11. Panic Attack Thursday

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When I was growing up, Thursday was spaghetti with meat sauce day (or Spaghetti Bolognese, as the Germans would say it, or makarónia mé kimá, as we Greeks call it, or ragù, as my Italian buddies insisted we call it, back when we were studying in Heidelberg).

Um. Where was I? Thursday traditions. It seems that a new one is currently in the process of being established: Panic Attack Thursday. I have to say, I don’t like that one at all.

The thing is, my fifteen-year-old hypochondria raised its ugly head. It knocks on the door sometimes—mostly during periods of stress—but the past months have been especially hard. A ballet muscle injury that’s apparently healed but still causes me pain, compounded by a second injury that an MRI couldn’t find a physical trace of, has me nearly immobilized for months. I mean, I walk around, sure, but it hurts. It always hurts. Then an idiot doctor (whom I’m never going to visit again) threw around the word “degenerative,” and now every little sting of pain in my other leg—the good one—has me thinking that no, this is not just an injury, and yes, I have some horrible degenerative disease, and I’ll be in a wheelchair soon, for whatever little time I have left before I die in pain from not being able to breathe as my muscles stop working.

Side note #1: My leg muscles are fine. I just did thirty-two squats, just to establish functionality, and I didn’t even break a sweat. Can somebody inform my fucked-up right hemisphere?

Anyway. Yup, that’s a panic attack for you.

So, Thursday evening. As these thoughts started spiraling in their well-known, intrusive way, I recognized them for what they were early enough to call for Urban to bring me the Lorazepam. I took one and had him stay there with me in bed and stroke me for a while. What a dream of a husband, you’ll think, and you’ll be right.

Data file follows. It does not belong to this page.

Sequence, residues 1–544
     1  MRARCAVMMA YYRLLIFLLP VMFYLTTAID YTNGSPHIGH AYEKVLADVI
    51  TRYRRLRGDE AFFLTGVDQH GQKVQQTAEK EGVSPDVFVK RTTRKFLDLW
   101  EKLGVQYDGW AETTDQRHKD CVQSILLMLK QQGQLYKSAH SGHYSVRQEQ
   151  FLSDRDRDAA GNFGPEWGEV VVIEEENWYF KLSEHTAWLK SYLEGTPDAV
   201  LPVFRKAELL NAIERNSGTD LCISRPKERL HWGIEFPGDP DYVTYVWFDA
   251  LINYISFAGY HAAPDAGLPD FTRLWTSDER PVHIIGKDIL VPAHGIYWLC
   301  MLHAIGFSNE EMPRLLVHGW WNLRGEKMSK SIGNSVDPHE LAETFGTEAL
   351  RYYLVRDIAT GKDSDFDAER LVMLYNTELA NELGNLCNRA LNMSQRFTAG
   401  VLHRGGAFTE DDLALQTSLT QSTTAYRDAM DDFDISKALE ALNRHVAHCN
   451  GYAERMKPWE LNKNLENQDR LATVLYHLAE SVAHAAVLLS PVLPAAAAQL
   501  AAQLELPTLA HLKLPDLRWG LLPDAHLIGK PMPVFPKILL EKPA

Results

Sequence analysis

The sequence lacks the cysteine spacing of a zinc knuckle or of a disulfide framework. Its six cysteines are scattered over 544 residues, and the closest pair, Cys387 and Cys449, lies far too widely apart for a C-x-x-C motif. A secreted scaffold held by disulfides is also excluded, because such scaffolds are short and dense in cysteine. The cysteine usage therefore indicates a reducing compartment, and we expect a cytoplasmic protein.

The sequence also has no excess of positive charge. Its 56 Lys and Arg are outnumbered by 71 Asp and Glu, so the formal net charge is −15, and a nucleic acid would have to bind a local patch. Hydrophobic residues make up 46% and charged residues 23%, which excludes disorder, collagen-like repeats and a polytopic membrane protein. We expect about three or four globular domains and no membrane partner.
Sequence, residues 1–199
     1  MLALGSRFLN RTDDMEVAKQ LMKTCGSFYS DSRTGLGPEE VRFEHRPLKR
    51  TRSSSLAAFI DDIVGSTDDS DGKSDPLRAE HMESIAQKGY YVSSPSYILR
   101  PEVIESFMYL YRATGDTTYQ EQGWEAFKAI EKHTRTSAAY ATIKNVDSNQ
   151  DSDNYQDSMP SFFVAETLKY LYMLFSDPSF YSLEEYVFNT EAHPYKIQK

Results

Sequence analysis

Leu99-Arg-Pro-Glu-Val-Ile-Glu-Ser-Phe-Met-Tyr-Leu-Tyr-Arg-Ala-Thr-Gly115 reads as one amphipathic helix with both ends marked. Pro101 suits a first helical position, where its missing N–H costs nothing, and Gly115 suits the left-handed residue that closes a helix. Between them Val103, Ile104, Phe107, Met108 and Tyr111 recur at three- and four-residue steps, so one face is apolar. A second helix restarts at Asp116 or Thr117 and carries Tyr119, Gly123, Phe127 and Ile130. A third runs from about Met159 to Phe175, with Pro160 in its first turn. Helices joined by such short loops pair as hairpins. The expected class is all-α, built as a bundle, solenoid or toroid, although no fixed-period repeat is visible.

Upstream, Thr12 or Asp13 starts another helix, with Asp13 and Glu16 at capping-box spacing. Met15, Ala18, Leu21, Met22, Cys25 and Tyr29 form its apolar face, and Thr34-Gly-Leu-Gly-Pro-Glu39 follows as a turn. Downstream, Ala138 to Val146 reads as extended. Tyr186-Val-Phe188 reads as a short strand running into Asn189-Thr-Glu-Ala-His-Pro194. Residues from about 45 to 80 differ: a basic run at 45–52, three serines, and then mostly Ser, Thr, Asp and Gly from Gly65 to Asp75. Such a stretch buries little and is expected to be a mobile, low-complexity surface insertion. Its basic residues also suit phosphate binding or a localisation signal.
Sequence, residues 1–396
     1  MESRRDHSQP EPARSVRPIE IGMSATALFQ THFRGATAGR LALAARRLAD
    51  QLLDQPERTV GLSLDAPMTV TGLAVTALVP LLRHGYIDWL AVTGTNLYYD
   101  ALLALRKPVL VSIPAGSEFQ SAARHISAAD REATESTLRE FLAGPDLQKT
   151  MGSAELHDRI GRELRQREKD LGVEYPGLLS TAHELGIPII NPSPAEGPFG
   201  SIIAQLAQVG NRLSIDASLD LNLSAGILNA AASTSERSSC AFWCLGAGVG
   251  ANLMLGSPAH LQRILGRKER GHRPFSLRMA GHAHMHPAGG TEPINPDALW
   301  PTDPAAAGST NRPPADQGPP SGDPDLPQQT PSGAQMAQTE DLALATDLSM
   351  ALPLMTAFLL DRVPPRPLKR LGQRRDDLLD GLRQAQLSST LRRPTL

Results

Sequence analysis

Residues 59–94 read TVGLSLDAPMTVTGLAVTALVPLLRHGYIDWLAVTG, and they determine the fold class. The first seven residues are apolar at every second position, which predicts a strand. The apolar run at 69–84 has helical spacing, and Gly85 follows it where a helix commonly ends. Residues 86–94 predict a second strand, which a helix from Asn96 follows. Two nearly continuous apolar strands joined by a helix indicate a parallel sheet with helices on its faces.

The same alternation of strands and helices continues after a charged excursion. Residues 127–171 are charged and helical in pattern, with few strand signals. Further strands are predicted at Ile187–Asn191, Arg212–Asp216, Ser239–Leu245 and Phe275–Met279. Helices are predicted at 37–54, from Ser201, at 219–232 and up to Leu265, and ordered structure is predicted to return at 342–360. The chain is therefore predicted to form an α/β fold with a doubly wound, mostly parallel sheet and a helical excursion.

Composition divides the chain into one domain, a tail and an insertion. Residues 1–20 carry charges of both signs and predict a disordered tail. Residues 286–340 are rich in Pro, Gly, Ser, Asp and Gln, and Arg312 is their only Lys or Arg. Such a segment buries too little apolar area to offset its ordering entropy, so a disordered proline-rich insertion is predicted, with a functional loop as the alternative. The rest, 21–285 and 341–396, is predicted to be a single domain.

After a while, and as I was getting cold and my muscles were starting to shake, he remembered something: “You know that panic attacks are in the side-effects of the anti-depressant, right? And so are muscle pains.”

This didn’t really soothe me, but I asked him to bring the insert and read me the side-effects. “Are you sure it’s a good idea?” he asked, but I told him that yes, it’s a good idea, at least I can ascribe pretty much everything I’m feeling to the drug, and that will definitely make me feel better. So, he brought the list and started reading.

We giggled at “sleepiness-insomnia,” and by the time he reached “painful erection,” both of us were laughing at the insane range of symptoms—many of which are “often,” not even “occasional” or “rare.” It dawned on me that, for a drug with so numerous side-effects to be so successful, what the drug is treating must be way worse, and then I contemplated how debilitating anxiety and depression are—so debilitating, in fact, that you’d rather have painful erections, vertigo, muscle aches and constipation than deal with your own brain attacking you.

Yeah, human beings are fucked up.

Anyway, I’m still not sure that I don’t have some horrible degenerative disease, but I’ll just allow my brain to be illogical for a while longer. Sometimes, these things take care of themselves. Hey, I made it to thirty-eight, while battling phobias, depression, and a faulty personality. It’s not a small success.

Of course, another huge problem presented itself when I woke up on Friday: what the fuck do I have for breakfast?

I was too tired of this shit, so I just had a cappuccino and didn’t have breakfast at all. I mean, if I emerge from this a couple kilos lighter, it certainly won’t be a tragedy.

6. To take, or not to take (the drugs)

<< 5. Victory coffee / 7. All advice is good advice >>

If you ask me, one of my greatest flaws is being such a good, obedient student. When figures of authority give me instructions, I have to take them seriously. Not because of the merit of the advice—I do examine its validity by cross-checking, asking for second and third opinions, researching on my own—but because I don’t want to disappoint them. Somewhere inside me the little goodie-goodie student still wants to be the teacher’s pet and would do anything for their superiors’ approval.

This is me, and damn me if I know why. It’s disappointing, really.